Care manager and CHW teams were advised to approach patients for enrollment in CBCM during scheduled primary care visits. These core teams worked together to provide administrative and clinical support to patients by coordinating care, managing medications for a variety of diseases, communicating with the care team, identifying social needs, and connecting patients to local community resources. In addition, CBCM partnered directly with Community Behavioral Health, a not-for-profit corporation contracted by the city of Philadelphia to provide mental health and substance abuse services for Philadelphia County Medicaid recipients, for coordination of behavioral health services.
The Medicaid MCO supplied deidentified health plan claims data, enrollment information, and a monthly registry of its top 10% costliest enrollees, based on costs accrued in the previous 12 months. We obtained complete medical claims for 52,665 individuals enrolled in the MCO’s Medicaid plan who were in the top 10% of total cost for at least 1 month during the 24-month study period. Among these individuals, 1658 received CBCM at some point during the study period across 12 clinical practices offering CBCM. We limited the study sample to 896 individuals 18 years and older who were continuously enrolled in the Medicaid plan for 12 months before and 12 months after the month of CBCM enrollment to avoid missing cost and utilization data. Enrollment files spanning January 2015 to December 2018 included patients’ demographic information and complete data about health care use, including care settings (eg, inpatient, outpatient), dates of service, and visit diagnoses. The American Community Survey’s Census 2017 data were used to approximate patients’ income using the median household income of their zip code.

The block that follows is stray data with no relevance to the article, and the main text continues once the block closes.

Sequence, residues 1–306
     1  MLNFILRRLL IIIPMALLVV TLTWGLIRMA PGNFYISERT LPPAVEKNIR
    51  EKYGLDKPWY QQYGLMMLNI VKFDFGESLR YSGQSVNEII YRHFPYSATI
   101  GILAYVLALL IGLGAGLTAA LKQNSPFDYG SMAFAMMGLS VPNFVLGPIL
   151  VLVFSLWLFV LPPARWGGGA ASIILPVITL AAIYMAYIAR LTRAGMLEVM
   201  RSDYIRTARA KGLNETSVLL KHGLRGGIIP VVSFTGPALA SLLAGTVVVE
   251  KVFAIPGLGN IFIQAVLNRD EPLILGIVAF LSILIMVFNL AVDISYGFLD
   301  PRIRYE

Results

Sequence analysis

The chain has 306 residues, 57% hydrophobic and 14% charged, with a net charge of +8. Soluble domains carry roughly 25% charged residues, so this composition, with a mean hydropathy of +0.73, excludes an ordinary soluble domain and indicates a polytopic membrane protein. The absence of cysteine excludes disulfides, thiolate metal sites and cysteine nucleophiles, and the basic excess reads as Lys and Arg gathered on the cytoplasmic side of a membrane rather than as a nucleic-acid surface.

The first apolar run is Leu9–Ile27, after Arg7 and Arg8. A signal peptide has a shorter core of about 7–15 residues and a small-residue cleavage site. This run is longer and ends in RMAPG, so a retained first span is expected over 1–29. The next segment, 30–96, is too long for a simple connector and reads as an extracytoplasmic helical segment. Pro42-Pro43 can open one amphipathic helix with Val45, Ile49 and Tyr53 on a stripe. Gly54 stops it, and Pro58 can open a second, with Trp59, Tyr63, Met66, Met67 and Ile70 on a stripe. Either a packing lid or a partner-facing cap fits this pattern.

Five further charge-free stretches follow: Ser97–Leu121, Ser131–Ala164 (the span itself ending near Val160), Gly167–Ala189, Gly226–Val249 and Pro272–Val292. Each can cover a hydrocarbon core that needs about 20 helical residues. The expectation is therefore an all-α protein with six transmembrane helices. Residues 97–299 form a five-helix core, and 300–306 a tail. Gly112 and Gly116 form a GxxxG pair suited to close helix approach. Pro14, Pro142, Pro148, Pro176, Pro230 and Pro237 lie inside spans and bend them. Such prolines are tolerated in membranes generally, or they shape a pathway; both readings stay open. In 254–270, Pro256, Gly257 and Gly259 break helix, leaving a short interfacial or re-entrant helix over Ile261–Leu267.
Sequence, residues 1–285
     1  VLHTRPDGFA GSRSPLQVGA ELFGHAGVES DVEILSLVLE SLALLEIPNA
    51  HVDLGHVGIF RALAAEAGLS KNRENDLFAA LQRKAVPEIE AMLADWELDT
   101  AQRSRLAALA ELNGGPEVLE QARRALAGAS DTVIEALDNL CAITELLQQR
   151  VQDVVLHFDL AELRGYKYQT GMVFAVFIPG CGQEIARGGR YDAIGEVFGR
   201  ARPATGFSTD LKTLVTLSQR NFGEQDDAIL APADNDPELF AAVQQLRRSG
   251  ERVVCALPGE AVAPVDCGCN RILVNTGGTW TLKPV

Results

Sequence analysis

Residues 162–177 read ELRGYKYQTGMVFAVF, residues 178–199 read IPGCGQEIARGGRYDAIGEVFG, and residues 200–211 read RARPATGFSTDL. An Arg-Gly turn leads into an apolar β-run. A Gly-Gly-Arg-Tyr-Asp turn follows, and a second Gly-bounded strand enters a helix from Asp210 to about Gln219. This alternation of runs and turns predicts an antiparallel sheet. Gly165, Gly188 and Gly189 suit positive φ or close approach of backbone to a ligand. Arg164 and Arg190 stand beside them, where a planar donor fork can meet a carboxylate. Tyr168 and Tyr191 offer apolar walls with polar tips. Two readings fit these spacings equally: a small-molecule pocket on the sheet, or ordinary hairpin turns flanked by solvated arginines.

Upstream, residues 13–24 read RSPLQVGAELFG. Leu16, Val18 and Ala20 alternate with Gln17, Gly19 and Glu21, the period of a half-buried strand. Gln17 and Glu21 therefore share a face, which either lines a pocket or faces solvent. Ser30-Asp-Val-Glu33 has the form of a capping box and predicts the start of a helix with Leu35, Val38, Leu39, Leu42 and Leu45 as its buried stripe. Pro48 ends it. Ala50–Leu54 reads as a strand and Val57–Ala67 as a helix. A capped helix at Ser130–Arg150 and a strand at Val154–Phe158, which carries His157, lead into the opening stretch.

Study Sample and Controls
We matched the 896 CBCM enrollees in our analytic cohort with high-need, high-cost patients who were classified in the top 10% of costs among all plan members but were not enrolled in CBCM because they received primary care at sites without CBCM (non-CBCM enrollees). Therefore, the control group consisted of patients who could have been eligible had they received care at a targeted practice in the same month as a CBCM enrollee. Similar to our approach to CBCM enrollees, we limited controls to individuals continuously enrolled in the Medicaid plan 12 months prior to and 12 months after the index month. We excluded control patients who never presented to their primary care clinics during the study period because a visit was the primary trigger for enrollment for the comparison CBCM cohort.
Our primary outcome of interest was the association between CBCM and changes in total costs of care (eg, the total dollar amount paid by the MCO) and utilization (eg, visit volume) for the 12-month period after enrollment. The amount paid by the MCO covered the costs of an episode of care, which consists of the services provided (eg, facility, professional fees, laboratory charges) at a rate agreed upon between the facility and the MCO. In a subgroup analysis, we evaluated utilization of specific care settings: outpatient, inpatient, emergency department (ED), pharmacy, postacute care, and all remaining care settings. In addition to patient demographics provided by the MCO, we used the claims data file to identify patients’ comorbidities and calculated patients’ disease severity at the time of CBCM enrollment using the Elixhauser Comorbidity Index,23 and we used the enrollment files to calculate the number of months patients were enrolled in the Medicaid plan prior to entering CBCM.